BIO Ch 1,2,16 Vocab
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BIO Ch 1,2,16 Vocab
a laminated micrbial material, typically built from layers of filamentous bacteria and other microorganisms, which can be fossilized
a large polynucleotide that functions as a part of the small subunit of the ribosome of bacteria and archaea and from whose gene sequence evolutionary info can be obtained
a means of identifying microorganisms from analysis of DNA fragments generated from restriction enzyme digestion of the genes encoding their 16S rRNA
Ribosomal Database Project (RDP)
a large database of small subunit (SSU) rRNA sequences that can be retrived electronically and used in comparative rRNA sequence studies
an oligonucleotide, sometimes made flourescent by atachment of a dye, complementary in sequence to some sequence in rRNA
Multilocus sequence typing (MLST)
a taxonomic tool for classifying organisms from gene sequence variations in several housekeeping genes
in phylogeny, a group descended from another
a DNA sequence, such as the gene for rRNA, that can be used as a comparative temporal measure of evolutionary divergence
in DNA from an organism, the % of the total nucleic acid that consists of guanine and cytosine bases
Flourescent In Situ Hybridization
a staging technique for phylogenetic studies
Fatty Acid Methyl Ester
a technique for identifying microorganisms from their fatty acids
the idea that a chemoorganotrophic bactrieum and a cyanobacterium were stably incorporated inot another cell type to give rise, respectively, to mitochondria and chloroplast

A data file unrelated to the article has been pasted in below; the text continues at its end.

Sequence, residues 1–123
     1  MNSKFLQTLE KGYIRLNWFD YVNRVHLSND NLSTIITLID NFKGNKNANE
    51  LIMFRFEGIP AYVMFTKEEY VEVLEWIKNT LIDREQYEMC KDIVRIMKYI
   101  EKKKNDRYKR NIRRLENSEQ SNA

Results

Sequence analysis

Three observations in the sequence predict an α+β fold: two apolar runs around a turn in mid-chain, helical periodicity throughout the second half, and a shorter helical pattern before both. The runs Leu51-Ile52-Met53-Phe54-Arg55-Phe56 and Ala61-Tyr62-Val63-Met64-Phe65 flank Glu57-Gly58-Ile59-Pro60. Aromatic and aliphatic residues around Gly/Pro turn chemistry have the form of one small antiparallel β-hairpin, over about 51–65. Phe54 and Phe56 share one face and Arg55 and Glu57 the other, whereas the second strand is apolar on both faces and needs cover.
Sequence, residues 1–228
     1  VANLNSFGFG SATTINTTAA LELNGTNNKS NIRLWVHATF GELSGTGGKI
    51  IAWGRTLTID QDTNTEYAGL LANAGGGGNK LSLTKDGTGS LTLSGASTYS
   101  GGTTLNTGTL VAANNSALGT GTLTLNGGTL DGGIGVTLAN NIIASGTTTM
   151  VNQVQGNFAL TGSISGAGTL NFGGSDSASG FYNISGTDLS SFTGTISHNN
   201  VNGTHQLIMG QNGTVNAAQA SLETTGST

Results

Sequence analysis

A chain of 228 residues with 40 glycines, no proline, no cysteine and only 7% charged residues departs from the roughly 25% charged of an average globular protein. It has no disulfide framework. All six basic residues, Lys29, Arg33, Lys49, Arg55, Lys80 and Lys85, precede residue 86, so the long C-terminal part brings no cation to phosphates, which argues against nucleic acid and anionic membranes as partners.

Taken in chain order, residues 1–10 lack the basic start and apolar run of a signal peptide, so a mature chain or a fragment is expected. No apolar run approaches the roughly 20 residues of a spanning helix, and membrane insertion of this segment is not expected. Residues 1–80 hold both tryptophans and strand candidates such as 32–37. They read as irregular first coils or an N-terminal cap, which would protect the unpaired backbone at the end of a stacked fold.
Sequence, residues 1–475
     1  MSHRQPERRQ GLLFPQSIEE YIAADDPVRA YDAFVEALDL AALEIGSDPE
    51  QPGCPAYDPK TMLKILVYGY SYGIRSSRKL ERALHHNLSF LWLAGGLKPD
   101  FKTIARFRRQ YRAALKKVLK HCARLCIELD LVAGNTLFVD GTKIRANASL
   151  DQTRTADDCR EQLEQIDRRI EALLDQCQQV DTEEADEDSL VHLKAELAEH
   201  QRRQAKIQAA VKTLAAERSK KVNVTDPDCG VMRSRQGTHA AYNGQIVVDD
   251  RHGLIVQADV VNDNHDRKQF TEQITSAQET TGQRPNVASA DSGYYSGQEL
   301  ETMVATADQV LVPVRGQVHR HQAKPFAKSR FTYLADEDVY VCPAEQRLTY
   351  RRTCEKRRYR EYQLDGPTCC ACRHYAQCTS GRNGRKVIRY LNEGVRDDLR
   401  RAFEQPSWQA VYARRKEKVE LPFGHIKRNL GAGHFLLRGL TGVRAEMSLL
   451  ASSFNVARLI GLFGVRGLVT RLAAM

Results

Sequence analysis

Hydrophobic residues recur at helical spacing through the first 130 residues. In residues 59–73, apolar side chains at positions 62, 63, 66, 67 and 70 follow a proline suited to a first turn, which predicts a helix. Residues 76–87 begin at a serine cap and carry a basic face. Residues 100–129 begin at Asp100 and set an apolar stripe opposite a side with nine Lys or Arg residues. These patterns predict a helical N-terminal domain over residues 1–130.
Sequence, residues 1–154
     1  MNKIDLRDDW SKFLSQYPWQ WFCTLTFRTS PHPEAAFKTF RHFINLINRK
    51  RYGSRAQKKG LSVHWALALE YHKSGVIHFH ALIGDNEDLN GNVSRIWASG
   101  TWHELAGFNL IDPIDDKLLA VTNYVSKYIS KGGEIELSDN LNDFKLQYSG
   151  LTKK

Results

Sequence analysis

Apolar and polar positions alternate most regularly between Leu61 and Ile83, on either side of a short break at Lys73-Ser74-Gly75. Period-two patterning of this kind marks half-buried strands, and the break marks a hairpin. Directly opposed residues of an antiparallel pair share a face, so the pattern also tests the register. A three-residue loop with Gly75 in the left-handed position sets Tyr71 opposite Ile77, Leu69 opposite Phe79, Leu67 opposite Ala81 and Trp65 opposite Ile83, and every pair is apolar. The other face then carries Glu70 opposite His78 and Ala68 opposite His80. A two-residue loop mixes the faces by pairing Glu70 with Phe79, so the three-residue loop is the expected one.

a population of genetically identical cells sharing a particular resource within an ecological niche
Carl Linnaeus (swedish)
naming living organisms in whic an organism is given a genus name and species epithet
phylogenetic methods that group organisms by their evolutionary relationships, not by their phenotypic similarities
Banded iron formation
iron oxide-rich ancient sedimentary rocks containing zones of oxidized iron (Fe^3+) formed by oxidation of Fe^2+ by O_2 produced by cyanobacteria
-the theory that mitochondria and chloroplast originated from bacteria
-The engulfment of one cell type by another cell type and the subsequent and stable association of the two cells.
a genetic element that contains either a DNA or an RNA genome, has an extracellular form (the virion), and depends on a host cell for replication
algae and protozoa
a large phylum of bacteria that includes many gram-positive bacteria: Escherichia coli
an extrachromosomal genetic element nonessential for growth
the evolutionary relationships between organisms
a differential staining technique in which bacterial cells stain either pink (gram-neg.) or purple (gram-pos.) depending on their structural make-up
prokaryotic oxygenic phototrophs
an organism that obtains its energy from the oxidation of organic compounds
a culture containing a single kind of microorganism
a disease causing microorganism
a set of criteria for proving that a given microorganism casuses a given disease
in microbiology, an increase in cell number with time
an organism's full compliment of genes
Enrichment culture technique
a method for isolation specific microorganisms from nature using specific culture media and incubation conditions
modification of cellular components to form a new strucure, such as a spore
a form of metabolism in which energy in generated from inorganic compounds
Universal phylogenetic tree
A tree that shows the evolutionary position of representatives of all domains of living organisms.
The discipline that maps, sequences, analyzes, and compares genomes.
A large molecule (polymer) formed by the connection of a number of small molecules (monomers); proteins, nucleic acids, lipids, and polysaccharides in a cell.
Two molecules that have the same molecular formula but that differ structurally.
A tumorlike structure produced by the roots of symbiotic nitrogen-fixing plants. Contains the nitrogen-fixing microbial component of the symbiosis.
Unicellular eukaryotic microorganisms that lack cell walls.
The experimental determination of genomic similarity by measuring the extent of hybridization of DNA from the genome of one organism with that of another.